Chinook 16.0 kg, 22.0 mm Hg. The mean force of tension

mm

Hg (range -6.0 to 14.5); and group 3 had a mean IOP

generated and the change in IOP for each breed wearing a harness were as follows: Alaskan malamutes 26.0 kg, 0.4

change of 3.4 mm Hg (range -0.5 to 10.5). No statistically sig- nificant differences in IOP were seen at any time among dogs

mm

Hg; Siberian huskies 16.6 kg, 2.3 mm Hg; American

of the different age groups. In dogs of increasing age, a trend

Staffordshire terriers 31.5 kg, 6.0 mm Hg; American cocker spaniel 10.0 kg, 10.5 mm Hg; and Chinook 16.0 kg, 1.0 mm Hg. Although all breeds except the Chinook usually gener-

toward a greater IOP increase was seen when pulling against either a collar or harness [Figure 4]. This trend did not achieve statistical significance, however. No apparent correlations

ated

greater tension with a harness than with a collar, only

were found between the increase in IOP for any age group or

the difference in tension generated by the Alaskan mala-

ness. The one American cocker spaniel in the study gener-

breed and the amount of tension applied via a collar or harness

mutes was statistically significant (P<0.001). The American Staffordshire terriers generated the most tension, with a mean of 23.5 kg with the collar and 31.5 kg with the har-

Figure 4 —Comparison of intraocular pressure (IOP)

Figure 4—Comparison of intraocular pressure (IOP)

ated

the least amount of tension, pulling 6.0 kg and 10.0 kg

with the collar and harness, respectively. When pulling against a collar, Alaskan malamutes and Siberian huskies experienced less of an increase in IOP than did the other dogs. Although there was a slight decrease compared to baseline in the IOP of Siberian huskies when pulling against a collar, this decrease was not statistically significant.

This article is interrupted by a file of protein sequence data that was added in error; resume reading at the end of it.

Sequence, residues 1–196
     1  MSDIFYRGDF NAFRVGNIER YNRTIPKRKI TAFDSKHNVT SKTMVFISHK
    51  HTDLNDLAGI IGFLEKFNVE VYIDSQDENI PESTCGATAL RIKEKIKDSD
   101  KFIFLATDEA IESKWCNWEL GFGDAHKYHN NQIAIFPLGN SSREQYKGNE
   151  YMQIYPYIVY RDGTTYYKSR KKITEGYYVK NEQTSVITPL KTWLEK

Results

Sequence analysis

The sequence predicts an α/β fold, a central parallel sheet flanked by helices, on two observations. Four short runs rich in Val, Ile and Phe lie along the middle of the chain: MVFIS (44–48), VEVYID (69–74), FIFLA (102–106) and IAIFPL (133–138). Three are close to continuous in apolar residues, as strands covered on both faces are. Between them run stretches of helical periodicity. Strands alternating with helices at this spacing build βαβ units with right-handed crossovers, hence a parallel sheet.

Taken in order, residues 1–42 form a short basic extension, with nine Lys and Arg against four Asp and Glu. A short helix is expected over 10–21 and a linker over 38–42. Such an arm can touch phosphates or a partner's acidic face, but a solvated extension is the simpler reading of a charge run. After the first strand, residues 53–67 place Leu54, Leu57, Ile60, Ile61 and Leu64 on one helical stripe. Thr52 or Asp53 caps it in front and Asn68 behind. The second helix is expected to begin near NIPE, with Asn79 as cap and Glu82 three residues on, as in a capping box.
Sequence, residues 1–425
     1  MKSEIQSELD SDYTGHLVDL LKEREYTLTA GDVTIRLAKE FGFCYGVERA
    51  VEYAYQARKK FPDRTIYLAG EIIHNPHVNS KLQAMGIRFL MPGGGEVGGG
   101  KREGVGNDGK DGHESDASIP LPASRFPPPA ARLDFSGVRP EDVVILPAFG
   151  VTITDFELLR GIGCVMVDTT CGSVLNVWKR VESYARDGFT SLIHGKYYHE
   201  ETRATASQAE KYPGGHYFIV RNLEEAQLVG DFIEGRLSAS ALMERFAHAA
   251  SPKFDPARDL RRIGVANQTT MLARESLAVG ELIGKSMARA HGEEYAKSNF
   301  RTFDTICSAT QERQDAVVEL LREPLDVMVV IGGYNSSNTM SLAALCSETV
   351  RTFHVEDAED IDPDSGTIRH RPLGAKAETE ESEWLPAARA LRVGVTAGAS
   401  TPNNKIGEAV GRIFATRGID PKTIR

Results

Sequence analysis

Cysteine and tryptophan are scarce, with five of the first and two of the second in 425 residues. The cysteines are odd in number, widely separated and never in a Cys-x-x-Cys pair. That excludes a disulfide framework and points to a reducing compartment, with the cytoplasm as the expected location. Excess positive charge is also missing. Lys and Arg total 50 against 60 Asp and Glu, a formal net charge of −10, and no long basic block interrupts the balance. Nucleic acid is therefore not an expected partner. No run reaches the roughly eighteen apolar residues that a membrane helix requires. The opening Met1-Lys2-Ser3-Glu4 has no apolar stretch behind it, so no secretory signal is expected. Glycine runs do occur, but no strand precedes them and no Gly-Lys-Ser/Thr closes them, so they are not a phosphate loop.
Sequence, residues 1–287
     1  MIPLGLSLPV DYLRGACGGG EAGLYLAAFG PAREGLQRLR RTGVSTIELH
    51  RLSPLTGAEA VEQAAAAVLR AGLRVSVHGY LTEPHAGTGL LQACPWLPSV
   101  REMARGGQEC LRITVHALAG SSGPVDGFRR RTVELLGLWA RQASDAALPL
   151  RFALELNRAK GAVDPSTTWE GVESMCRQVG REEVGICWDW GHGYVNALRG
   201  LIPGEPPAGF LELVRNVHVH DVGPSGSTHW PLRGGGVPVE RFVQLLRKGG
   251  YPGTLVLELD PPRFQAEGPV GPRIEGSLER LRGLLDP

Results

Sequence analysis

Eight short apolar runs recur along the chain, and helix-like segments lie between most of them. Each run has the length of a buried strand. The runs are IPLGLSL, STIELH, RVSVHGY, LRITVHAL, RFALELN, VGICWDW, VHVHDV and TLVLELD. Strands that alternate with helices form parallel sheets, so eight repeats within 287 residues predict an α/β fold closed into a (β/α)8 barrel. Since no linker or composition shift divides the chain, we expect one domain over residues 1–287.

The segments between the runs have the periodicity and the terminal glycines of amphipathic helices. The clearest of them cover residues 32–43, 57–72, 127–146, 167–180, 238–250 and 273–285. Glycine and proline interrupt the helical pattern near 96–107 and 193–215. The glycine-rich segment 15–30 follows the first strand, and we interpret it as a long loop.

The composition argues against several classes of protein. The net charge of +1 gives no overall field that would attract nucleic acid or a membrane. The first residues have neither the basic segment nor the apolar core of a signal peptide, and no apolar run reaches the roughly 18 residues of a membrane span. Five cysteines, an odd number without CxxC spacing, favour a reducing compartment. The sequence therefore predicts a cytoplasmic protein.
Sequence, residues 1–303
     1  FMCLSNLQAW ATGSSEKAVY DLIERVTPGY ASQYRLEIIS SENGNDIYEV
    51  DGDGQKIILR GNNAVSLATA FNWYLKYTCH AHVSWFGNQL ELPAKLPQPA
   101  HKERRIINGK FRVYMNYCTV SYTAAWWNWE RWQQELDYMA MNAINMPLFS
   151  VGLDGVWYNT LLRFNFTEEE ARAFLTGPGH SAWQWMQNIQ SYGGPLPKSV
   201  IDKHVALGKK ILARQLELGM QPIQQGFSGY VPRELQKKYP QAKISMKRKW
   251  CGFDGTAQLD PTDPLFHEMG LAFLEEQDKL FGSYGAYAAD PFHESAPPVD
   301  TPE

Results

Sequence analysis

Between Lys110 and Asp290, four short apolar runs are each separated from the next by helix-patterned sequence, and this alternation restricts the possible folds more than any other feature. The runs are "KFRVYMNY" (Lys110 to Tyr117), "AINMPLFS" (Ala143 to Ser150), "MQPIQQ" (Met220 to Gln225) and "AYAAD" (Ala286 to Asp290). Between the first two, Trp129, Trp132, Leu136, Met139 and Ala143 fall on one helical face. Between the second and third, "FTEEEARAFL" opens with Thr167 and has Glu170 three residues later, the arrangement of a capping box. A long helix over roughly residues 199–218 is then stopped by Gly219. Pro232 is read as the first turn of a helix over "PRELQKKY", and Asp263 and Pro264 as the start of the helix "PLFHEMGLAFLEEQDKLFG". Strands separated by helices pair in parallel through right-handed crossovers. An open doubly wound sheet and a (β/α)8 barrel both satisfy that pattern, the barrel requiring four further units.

The dogs were divided into three different age groups to allow comparison of age with IOP changes according to neck pressure. Group 1 included dogs from 1 to 3 years of age (n=11; four Alaskan malamutes, five Siberian huskies, two

American Staffordshire terriers); group 2 included dogs from 4 to 6 years of age (n=9; four Alaskan malamutes, two Siberian huskies, one Chinook, one American cocker spaniel,

one

American Staffordshire terrier); and group 3 included

increases (mm Hg) in dogs of different age groups when

dogs from 7 to 9 years of age (n=6; four Alaskan malamutes, one Siberian husky, one American Staffordshire terrier). When

force was applied via a collar (blue bars) and a harness (purple bars). Bars represent mean IOP change ± standard deviation (n=number of dogs in each age group).

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(R 2 collar =0.1014, R 2 harness =0.0113), or with the tension gen- erated per kilogram body weight by the dog (R 2 collar =0.0009,

R 2 harness =0.1187).

Discussion

A recent study in humans found that wearing a tight neck-

tie may result in increased IOP. 5 In this study, it was pro- posed that the IOP increase was the result of compression

of

the

jugular veins, which increased pressure in the veins